I have entered this painting into the Doncaster Open Art Exhibition 2014, I should hear soon if it has been accepted or not, and will let you know. Fingers crossed.

More latest paintings

This second post featuring latest paintings shows my usual subjects and compositions, plus a few new ideas.

colourful oil painting of a fairground
'Fairground'   6 x 8 inches, oil on board.
A colourful fairground painting, again loosely painted to achieve the feeling of such a busy scene.

Loosely painted fish market oil painting
'Fish for Dinner'   6 x 8 inches, oil on board.
This simple market scene was painted in a quick and lively fashion, the intention being to avoid detail and show the fast pace and movement of the indoor market stalls surrounded by customers.

oil painting of an english country lane in summer
'Summer Lane'   8 x 12 inches, oil on board.
Perhaps a more usual subject and composition for me, a country lane winds into the distance with cornfields and trees either side. Rosebay Willow Herb adding a splash of complementary colour to the scene.

oil painting of cattle grazing in a field
'Grazing Land'   8 x 12 inches, oil on board.
A loosely painted work, painted on site in one speedy session. As with most paintings that look as if they were painted quite quickly, much time was spent studying the scene both before and during the painting process. Capturing the fleeting moment, working outside quick and loose can be both exhilarating and tiring! I like to leave the brushwork with an unfinished, unfussy feel, building up the painting with quickly applied untouched strokes. The movement and atmosphere of the scene can so easily ruined by fussing with the paint surface, better I think to leave things be, forgive a few mistakes and allow the viewer to 'feel' the landscape portrayed. It should not need to be described with over fussy detail. Still, I do love paintings that are detailed, its just not my preferred way to work.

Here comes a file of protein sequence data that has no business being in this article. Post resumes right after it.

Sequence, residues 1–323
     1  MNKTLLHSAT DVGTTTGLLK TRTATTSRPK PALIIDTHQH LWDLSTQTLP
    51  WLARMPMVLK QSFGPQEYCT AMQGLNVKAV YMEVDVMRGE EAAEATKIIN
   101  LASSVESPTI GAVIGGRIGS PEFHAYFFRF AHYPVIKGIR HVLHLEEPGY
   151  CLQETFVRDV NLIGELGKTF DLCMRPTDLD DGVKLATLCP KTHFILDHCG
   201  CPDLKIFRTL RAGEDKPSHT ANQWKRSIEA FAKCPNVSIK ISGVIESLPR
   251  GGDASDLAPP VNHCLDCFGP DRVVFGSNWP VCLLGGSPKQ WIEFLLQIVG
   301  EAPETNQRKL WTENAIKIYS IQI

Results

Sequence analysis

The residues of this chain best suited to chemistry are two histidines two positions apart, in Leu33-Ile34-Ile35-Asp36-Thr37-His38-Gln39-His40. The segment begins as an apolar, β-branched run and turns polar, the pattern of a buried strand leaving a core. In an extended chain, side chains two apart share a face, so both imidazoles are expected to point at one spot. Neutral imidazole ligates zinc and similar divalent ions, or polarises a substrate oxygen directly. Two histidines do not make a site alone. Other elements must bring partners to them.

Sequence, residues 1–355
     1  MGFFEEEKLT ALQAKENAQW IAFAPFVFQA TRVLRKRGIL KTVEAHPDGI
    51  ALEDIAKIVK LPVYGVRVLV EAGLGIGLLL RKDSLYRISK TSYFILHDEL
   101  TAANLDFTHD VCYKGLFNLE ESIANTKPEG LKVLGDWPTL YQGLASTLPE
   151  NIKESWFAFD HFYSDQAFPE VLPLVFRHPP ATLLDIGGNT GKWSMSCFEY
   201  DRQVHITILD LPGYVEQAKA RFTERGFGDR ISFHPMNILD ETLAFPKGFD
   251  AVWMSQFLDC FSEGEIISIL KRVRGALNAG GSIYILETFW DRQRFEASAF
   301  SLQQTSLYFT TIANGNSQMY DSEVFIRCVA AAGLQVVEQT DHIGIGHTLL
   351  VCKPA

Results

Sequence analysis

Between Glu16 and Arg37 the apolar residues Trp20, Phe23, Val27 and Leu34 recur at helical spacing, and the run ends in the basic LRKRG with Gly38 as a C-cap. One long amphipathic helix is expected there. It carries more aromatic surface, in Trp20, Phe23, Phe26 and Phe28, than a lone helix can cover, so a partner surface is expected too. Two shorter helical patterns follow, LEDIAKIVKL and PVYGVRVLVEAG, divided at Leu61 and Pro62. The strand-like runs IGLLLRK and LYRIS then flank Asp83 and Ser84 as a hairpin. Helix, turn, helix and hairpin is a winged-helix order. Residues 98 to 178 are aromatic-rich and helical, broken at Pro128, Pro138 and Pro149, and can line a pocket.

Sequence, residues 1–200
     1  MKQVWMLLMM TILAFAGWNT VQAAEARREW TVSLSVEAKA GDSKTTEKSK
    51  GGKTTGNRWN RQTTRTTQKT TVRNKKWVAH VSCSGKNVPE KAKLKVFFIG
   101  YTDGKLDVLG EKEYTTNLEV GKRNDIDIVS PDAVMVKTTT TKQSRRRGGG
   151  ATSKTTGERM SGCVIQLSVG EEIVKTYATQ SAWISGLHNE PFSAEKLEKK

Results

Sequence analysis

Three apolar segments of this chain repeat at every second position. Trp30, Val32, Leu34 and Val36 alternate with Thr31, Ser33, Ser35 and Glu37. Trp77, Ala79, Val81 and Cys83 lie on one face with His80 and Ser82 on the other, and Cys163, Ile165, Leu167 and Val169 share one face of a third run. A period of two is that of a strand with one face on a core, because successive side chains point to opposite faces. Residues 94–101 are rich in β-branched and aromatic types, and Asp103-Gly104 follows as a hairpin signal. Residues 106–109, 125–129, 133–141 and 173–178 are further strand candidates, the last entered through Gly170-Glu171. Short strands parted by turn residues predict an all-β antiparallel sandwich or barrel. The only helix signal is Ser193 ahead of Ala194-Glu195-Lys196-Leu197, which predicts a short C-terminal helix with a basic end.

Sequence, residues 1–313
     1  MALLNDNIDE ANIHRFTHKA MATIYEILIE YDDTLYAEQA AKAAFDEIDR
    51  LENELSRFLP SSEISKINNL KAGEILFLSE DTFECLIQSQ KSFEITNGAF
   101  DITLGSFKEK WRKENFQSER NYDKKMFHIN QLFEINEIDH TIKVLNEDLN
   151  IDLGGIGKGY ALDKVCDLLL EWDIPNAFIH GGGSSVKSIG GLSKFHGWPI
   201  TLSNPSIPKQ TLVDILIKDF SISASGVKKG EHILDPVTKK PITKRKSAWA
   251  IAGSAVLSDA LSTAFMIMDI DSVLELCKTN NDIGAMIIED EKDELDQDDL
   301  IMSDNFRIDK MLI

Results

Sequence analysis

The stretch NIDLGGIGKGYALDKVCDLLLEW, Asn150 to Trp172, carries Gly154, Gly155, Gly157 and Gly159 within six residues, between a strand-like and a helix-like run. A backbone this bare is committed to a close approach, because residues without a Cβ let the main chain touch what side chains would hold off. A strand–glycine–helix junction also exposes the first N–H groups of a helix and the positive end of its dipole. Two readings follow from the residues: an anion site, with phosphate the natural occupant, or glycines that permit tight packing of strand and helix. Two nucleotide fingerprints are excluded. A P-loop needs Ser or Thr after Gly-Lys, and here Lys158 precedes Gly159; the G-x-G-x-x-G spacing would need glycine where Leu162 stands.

I like to leave enough for the viewer to complete the painting with their own imagination.

Actually, the next day when I viewed this painting back in my studio, I was very tempted to 'finish off' a little, but I soon decided to leave it alone. Which bit would I alter? To rework or add detail to one section would probably result in my eventually reworking most or all of the picture. For example, 'finishing off' the grazing cattle might lead me to adding more detail to the trees behind, then the field in front, then the clouds etc etc. I knew, from many spoilt paintings over the years that I should leave it alone. I am always amazed that by simply propping such a painting into a suitable frame, it can immediately look finished, a frame seems to hold it all together! So, if in doubt, leave it be.